Wednesday, January 23, 2013

How I'm like Lance Armstrong

Control freak.

It was big news last week when Lance Armstrong interviewed with Oprah and confessed to what everyone had long suspected...that he had doped during all 7 of his Tour de France victories.

An American hero - someone who had overcome the odds to reach the top hit rock bottom in a matter of weeks.

I, although not a fan of cycling per se, was a hold out.  All of the allegations against Lance were numerous.  But he so adamantly denied the charges for so many years, I was pretty convinced he was telling the truth and that it was a conspiracy against him.  After all, in hundreds if not thousands of drug screens he never had a positive test (that wasn't tested retroactively).  That is hard evidence to argue with.

As I watched his interview and him admit to all sorts of cheating, he also admitted he was a control freak.  He wanted to control every outcome he possibly could.  From the doctors he worked with to the riders on his team, he was involved in every minute decision that controlled the outcome of his races.  His desire to be in control was so strong that he created his own "reality."  It wasn't cheating, it was "leveling the playing field."  He didn't openly say it but it sounds like if someone wasn't willing to dope then they were off the team.  If his massage therapist disagreed with him, he called her a whore. A teammates wife called him out and he called her a crazy bitch.  He sued people who alleged that he cheated.  Its likely he convinced himself he did nothing wrong.

Even in his "confession," he still tried to control it.  His team definitely fished for public opinion in the days leading up to Oprah.  There were rumors that he was going to confess that got leaked to the media followed by a strong denial from his lawyer that there was no confession coming.  I'm pretty sure they were testing the waters of public opinion.  And he picked Oprah for his grand confession.  Seriously?  Even when Oprah was asking him questions, he avoided certain ones or spun it into a different question.  It was almost visible how much he was desperately clinging to the control that remained.

I'm not sure if Lance considers himself an atheist or agnostic, however, it seems clear (as he wrote in his books) that he does not appear to follow any type of religion or believe in God.  When I heard this many years ago, I was confused how a man who had overcome Stage 4 cancer to become one of the greatest athletes of all time could not believe in God.  But I guess now I know.  Because it wasn't God given talent that got him there.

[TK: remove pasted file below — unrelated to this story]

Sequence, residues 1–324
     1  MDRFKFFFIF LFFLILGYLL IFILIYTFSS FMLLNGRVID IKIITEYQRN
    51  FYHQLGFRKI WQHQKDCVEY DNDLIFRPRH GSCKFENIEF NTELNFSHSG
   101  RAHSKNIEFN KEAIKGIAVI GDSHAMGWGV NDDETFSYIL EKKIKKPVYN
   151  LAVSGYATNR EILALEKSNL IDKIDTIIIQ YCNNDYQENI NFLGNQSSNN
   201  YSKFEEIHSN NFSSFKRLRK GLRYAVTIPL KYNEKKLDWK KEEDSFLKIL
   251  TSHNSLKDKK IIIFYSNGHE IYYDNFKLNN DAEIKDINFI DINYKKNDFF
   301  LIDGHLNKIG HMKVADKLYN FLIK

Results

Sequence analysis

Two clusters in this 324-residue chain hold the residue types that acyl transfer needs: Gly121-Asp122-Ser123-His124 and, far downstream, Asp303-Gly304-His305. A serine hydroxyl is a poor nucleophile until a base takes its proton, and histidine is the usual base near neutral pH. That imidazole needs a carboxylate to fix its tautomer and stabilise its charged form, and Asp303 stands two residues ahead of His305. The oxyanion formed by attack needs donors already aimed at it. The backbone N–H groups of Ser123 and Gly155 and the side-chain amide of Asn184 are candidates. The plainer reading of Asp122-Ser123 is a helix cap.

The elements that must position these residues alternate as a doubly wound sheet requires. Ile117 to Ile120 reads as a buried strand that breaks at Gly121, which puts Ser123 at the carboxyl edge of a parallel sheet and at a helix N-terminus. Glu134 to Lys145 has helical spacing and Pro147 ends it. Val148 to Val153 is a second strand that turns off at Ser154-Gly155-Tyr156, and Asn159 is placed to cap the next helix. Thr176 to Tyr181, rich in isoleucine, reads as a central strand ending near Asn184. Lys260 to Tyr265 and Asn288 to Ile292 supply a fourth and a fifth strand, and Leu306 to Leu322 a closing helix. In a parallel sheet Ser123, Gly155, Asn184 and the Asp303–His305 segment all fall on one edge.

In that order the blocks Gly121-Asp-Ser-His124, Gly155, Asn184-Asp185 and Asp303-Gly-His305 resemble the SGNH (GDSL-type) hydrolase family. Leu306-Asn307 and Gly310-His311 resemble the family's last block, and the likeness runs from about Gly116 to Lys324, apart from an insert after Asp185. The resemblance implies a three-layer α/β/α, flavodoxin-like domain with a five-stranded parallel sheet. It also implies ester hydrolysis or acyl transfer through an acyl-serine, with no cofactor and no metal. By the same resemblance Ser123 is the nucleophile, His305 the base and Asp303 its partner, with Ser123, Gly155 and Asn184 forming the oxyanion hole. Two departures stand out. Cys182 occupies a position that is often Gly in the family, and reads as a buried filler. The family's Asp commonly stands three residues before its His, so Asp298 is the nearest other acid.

So what does this have to do with me?

I'm a control freak too.  Maybe not on such a grandiose scale, but its true.  I like controlling things - especially when such things reflect upon me.  Whether it's a group presentation, sharing a patient at work, how clean my house appears or even someone watching my child, no one can do it like I can.  If I had my way, no one would get the opportunity.  I often take on too much because I don't want others to "mess it up."  I want to be in control.  And my tendency to be so reared its ugly head this weekend and my poor husband got the brunt of it. 

On Saturday, Andrew offered to help clean the bathrooms (which is my task of the day).  I was already tired and hadn't gotten Friday's task of dusting done.  I thought he could clean the bathrooms and I would watch Sawyer and maybe dust while he did that. 

To say I'm tired these days would be an understatement.  Its been a good 6 months since I've gotten a good nights sleep.  Tired me is not always pretty.  First he took forever to clean the two bathrooms, then he didn't arrange my stuff back to the way it had been on my side of the bathroom counter (which truly had no particular order but it was something for me to get upset about) and then he hadn't cleaned the base of the shower which was still gross.  So, I got angry.  I stormed around the house slamming things around - a trait I inherited from my mother.  Andrew kept asking me what was wrong and I kept snapping at him.  I was a complete jerk. 

I, like Lance, am a control freak.  I want things done a certain way and I will snap at people who don't do it my way. 

But there's a difference between me and Lance.  I have Jesus.  As I've learned over the years, you can't love Jesus and be in control.  It just doesn't work.  The only thing that saves me from creating my own "reality" where I'm in control is knowing that Jesus is.  And there is such freedom in that.

Fortunately for me, my husband loves Jesus too.  He got me to fall in love with him by telling me that it was his job "to be the best representation of Christ that he could be to me."  He lives with my control freak tendencies, forgives me when I snap or storm around the house, and loves me anyway.

One of my devotions the other day said "Let your weakness be a door to My Presence."  I need to desperately pound knock on that door every day.  I know I can't control everything in my world but I also need to realize that I don't need to control it.  That's what Jesus is there for.  I certainly don't need to get upset with my husband who only has the best of intentions for helping me.

Lance will go down in history as one of the biggest sports frauds that ever was.  Its sad.  I hope that one day he finds Jesus and lets go of it all.  I hope that he comes to understand the true freedom of having a Father who loves him no matter what and has plans to prosper and give hope and a future (Jeremiah 29:11).  He will never be free otherwise.

Oh the joy that comes with that freedom.  Probably better than any Tour de France victory.


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